# What is root in equation `sin x+cos x` =`sqrt2` `0 <= x<= pi` ` `

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`sinx+cosx = sqrt2`

Divide both sides by `sqrt2`

`sinx/sqrt2+cosx/sqrt2 = sqrt2/sqrt2`

We know that;

`1/sqrt2 = cos(pi/4) = sin(pi/4)`

`sinx/sqrt2+cosx/sqrt2 = 1`

`sinxcos(pi/4)+cosxsin(pi/4) = 1`

`sin(x+pi/4) = 1`

`sin(x+pi/4) = sinpi/2`

`x+pi/4 = npi+(-1)^npi/2` where `n in Z`

When n = 0 then `x = pi/4`

When n = 1 then `x = pi/4`

When n = 2 then `x = (9pi)/4`

** So the answer is **`x = pi/4`.

**Sources:**

You can solve `sin(x) + cos(x) = sqrt(2)` by starting to square both sides of the equation so you can get rid of the radical or the square root, it is easier to deal with that way. So, you have:

`(sin(x) + cos(x))^2 = (sqrt(2))^2`

`sin^2(x) + 2sin(x)cos(x) + cos^2(x)= 2`

Applying the identity`sin^2(x) + cos^2(x) = 1` , you have the simplified equation:

`1 + 2sin(x)cos(x) = 2`

Now, combine similar terms by moving 1 to the right side. Remember that moving a term on the other side will change its sign. Or that is the same as subtracting 1 to both sides. Either will give the same result.

`2sin(x)cos(x) = 2 - 1 `

`2sin(x)cos(x) = 1`

Notice that `2sin(x)cos(x) = sin(2x)` .

Identity of the sin of twice the angle. So replacing the left side with that:

`sin(2x) = 1 `

Take the Arcsine of both sides:

`Asin(sin(2x)) = Asin(1)`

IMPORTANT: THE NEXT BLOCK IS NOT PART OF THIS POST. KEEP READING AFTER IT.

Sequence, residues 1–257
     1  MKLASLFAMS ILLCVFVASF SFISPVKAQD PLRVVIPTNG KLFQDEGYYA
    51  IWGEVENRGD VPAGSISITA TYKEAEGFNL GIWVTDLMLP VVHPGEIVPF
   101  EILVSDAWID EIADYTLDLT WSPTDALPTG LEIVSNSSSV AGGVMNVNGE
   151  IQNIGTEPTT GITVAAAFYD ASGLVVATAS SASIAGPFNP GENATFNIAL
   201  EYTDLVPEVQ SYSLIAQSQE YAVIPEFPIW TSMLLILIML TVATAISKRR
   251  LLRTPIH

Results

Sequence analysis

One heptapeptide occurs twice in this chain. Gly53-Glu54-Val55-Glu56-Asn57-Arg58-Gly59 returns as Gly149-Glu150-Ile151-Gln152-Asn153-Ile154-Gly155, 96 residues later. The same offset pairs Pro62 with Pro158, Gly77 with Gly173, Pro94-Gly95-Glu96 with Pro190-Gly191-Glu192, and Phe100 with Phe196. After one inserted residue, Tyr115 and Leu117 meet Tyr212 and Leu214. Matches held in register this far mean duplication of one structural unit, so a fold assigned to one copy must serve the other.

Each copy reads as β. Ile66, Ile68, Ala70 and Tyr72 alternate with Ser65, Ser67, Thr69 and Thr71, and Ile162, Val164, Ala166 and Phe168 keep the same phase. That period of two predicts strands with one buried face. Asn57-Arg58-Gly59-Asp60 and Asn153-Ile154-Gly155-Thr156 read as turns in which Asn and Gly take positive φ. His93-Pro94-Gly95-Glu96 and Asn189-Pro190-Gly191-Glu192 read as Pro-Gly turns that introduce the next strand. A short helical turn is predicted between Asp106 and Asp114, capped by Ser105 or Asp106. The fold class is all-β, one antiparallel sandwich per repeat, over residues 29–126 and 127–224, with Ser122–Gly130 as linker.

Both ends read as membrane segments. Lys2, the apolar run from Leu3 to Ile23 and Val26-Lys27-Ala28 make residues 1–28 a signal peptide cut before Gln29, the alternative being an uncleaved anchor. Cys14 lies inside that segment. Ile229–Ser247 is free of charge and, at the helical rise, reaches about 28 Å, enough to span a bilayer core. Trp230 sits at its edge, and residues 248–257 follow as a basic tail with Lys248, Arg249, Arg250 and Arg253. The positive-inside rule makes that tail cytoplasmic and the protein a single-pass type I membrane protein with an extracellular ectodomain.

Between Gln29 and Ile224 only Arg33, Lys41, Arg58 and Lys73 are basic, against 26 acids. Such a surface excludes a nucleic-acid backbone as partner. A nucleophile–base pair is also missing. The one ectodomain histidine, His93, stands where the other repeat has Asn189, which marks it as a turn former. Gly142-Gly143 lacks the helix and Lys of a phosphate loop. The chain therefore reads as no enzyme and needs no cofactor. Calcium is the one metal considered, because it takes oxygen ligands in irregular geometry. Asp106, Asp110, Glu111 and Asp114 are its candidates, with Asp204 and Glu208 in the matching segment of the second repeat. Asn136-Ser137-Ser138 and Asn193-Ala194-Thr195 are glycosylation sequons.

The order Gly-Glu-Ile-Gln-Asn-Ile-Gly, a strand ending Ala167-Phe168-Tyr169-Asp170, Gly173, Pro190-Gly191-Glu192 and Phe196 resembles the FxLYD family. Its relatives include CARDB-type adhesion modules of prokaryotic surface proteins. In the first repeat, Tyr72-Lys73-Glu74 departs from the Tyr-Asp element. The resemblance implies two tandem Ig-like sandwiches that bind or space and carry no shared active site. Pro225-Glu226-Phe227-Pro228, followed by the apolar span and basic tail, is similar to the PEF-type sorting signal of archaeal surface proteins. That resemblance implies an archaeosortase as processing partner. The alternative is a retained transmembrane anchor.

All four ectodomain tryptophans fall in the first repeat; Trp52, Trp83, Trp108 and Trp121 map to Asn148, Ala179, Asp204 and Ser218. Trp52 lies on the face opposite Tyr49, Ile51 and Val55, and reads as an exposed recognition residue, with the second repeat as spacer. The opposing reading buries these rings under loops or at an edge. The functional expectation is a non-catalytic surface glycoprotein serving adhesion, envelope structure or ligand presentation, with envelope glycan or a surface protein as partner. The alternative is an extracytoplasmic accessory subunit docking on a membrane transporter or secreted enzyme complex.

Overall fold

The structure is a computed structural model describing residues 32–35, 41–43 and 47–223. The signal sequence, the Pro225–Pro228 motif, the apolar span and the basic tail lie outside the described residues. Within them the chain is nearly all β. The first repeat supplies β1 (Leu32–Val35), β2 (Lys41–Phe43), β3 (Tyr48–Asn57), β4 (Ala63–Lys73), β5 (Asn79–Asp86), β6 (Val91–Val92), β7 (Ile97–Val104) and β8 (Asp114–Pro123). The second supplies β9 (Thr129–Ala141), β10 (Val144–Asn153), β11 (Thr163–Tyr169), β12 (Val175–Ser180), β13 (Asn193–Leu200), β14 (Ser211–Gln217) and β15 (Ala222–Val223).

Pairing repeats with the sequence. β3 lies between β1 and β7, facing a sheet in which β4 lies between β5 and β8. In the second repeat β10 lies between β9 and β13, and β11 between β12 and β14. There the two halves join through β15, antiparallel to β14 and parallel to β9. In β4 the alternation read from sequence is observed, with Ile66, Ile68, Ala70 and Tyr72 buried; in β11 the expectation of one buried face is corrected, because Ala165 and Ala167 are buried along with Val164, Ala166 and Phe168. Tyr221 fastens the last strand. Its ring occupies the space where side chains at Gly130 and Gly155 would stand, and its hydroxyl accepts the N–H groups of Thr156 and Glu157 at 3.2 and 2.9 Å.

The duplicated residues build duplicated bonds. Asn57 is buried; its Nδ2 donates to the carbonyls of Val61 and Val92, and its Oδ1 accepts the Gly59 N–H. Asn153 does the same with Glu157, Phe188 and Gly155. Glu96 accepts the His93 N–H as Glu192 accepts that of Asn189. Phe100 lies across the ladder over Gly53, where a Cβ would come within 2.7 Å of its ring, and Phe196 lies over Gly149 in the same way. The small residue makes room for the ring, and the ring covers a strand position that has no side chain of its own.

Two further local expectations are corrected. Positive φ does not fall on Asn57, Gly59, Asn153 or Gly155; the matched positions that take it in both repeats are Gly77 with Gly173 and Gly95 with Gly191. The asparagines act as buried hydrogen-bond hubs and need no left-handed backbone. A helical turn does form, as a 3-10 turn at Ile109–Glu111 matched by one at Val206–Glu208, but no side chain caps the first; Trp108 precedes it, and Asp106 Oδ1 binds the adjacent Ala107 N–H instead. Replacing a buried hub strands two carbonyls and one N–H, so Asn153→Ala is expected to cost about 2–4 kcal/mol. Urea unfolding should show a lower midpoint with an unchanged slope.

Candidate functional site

`2x = pi/2`

Divide both sides by 2 so that x will be alone on the left side.

`(2x)/2 = pi/(2*2) `

`x = pi/4 `

Hence the answer is pi/4 which indeed in the range of 0<= x <= 2pi.

**Sources:**

Solve `sinx+cosx=sqrt(2)` for `0<=x<=pi` :

`sinx+cosx=sqrt(2)` Square both sides

`sin^2x+2sinxcosx+cos^2x=2`

Use the Pythagorean identity and the double angle identity:

`1+sin2x=2`

`sin2x=1`

`2x=pi/2,2x=(5pi)/2`

`x=pi/4,(5pi)/4` Note that `(5pi)/4` is an extraneous root introduced by squaring both sides. It is not a solution to the original equation.

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The solution on the given interval is `x=pi/4`

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The graph:

You need to solve this trigonometric equation using the following method. You may notice that the coefficient of `cos x` is equal to one, hence, you may replace `tan(pi/4)` for 1, such that:

`sin x + tan(pi/4)*cos x = sqrt2`

You should remember that `tan theta = sin theta/cos theta` , hence, reasoning by analogy, yields:

`sin x + (sin(pi/4))/(cos(pi/4))*cos x = sqrt2`

Bringing the terms to a common denominator yields:

`sin x*(cos(pi/4)) + (sin(pi/4))*cos x = sqrt 2*(cos(pi/4))`

You may recognize to the left side the expansion of the following trigonometric identity, such that:

`sin theta*cos beta + sin beta*cos theta = sin(theta + beta)`

Reasoning by analogy, yields:

`sin(x + pi/4) = sqrt 2*sqrt2/2`

`sin(x + pi/4) = 1 => x + pi/4 = sin^(-1) 1 => x + pi/4 = pi/2 => x = pi/2 - pi/4 => x = pi/4`

**Hence, evaluating the solution to the given equation, over the indicated interval `[0,pi]` , yields **`x = pi/4.`

**Sources:**